Spider eating opossum: Tarantula drags, eats opossum in Amazon rainforest

Mindy Sparks
March 3, 2019

A team of biologists and researchers, led by the University of MI, captured the fascinating video footage during a recent trip to Peru to document "rare and disturbing" predator-prey interactions.

The scientists later published their findings from observations in 2008, 2012, 2016 and 2017 in the Amphibian & Reptile Conservation journal on February 28.

"Invertebrates preying on vertebrates is common, but it's generally not assumed to be an important source of mortality for amphibians and reptiles", said von May, a biologist at the University of MI. The paper detailed the team's observed interactions in the Amazon over the past several years between small vertebrates and arthropods.

"Our research is mainly focused on trying to understand why there are so many species in the tropics", Rabosky said.

One night, they heard "some scrabbling in the leaf litter". "We looked over and we saw the tarantula on top of the opossum, and we just sort of sat and watched that observation until the tarantula got exhausted of us and walked away". The scientists also recorded the first evidence of a tarantula clutching one particularly unexpected victim: a young mouse opossum (Marmosops noctivagus) that was about the same size as the spider, a species in the Pamphobeteus genus.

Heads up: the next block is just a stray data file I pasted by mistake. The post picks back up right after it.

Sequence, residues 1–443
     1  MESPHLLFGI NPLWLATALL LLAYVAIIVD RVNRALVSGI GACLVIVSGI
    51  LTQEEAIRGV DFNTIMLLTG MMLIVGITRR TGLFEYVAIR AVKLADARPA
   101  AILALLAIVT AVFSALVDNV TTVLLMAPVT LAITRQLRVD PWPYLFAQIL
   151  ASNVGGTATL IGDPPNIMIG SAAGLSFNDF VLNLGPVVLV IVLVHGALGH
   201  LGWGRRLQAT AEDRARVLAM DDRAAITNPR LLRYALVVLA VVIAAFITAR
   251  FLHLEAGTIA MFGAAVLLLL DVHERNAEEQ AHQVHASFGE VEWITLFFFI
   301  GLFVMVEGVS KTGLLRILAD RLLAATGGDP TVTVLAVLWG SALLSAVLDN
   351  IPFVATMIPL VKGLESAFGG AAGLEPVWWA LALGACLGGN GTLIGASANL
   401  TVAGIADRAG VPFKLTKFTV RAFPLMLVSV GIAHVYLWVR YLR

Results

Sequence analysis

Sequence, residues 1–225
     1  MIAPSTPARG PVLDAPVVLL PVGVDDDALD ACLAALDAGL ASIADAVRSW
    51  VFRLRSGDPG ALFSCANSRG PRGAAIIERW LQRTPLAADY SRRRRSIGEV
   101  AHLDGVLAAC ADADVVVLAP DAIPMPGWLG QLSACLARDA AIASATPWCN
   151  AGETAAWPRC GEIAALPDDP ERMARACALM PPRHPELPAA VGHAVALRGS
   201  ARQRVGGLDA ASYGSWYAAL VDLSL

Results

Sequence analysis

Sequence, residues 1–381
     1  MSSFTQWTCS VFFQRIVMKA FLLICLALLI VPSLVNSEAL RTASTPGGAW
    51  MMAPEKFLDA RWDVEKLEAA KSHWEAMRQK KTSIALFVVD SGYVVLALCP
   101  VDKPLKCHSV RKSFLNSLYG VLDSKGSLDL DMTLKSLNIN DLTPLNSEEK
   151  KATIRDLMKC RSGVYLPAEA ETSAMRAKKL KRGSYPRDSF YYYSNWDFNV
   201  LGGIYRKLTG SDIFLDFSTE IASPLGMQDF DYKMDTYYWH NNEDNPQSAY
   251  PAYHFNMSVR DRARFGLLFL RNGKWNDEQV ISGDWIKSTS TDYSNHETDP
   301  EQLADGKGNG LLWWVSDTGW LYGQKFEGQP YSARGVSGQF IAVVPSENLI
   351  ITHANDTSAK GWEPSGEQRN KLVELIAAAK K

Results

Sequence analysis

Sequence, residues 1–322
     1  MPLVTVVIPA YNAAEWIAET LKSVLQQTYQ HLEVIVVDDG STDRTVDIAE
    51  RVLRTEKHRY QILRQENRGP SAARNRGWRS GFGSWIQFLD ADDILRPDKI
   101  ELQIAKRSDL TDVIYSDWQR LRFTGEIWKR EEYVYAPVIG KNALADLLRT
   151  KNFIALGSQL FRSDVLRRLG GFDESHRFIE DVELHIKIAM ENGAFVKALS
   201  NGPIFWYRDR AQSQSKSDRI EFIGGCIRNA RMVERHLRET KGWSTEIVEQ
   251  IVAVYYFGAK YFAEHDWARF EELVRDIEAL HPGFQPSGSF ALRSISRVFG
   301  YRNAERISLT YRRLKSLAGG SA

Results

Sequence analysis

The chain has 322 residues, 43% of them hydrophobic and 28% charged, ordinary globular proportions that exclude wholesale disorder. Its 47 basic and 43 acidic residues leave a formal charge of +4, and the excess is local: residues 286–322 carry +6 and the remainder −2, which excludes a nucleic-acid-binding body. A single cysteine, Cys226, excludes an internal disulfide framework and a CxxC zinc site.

Grundler's sister Maggie pulled out her cell phone and shot photos and some video, the statement said.

A MI news release said that an opossum expert at the American Museum of Natural History confirmed the researchers had "captured the first documentation of a large mygalomorph spider preying on an opossum".


"We looked over and we saw a large tarantula on top of an opossum", researcher Michael Grundler said.

"We were pretty ecstatic and shocked, and we couldn't really believe what we were seeing", Grundler said in the release.

They published other gruesome images of spiders with unusual prey. "Walking on the African savanna at night with lions about is much scarier!"

Researchers captured video and photographs of battles between predators and prey in the rainforest. "But it is a special human bias that leads us to think that this is somehow freakier than many other ways of dying: there is nothing pretty about most predation, whether it is coming from lions or peregrine falcons or crocodiles or anything else".

Arachnologist Rick West said tarantulas typically prey on frogs, but added: "They are opportunistic feeders and they'll take whatever they can subdue".

Majority were recorded at night; most of the predators recorded were spiders; and most of the prey were amphibians.

Other reports by Iphone Fresh

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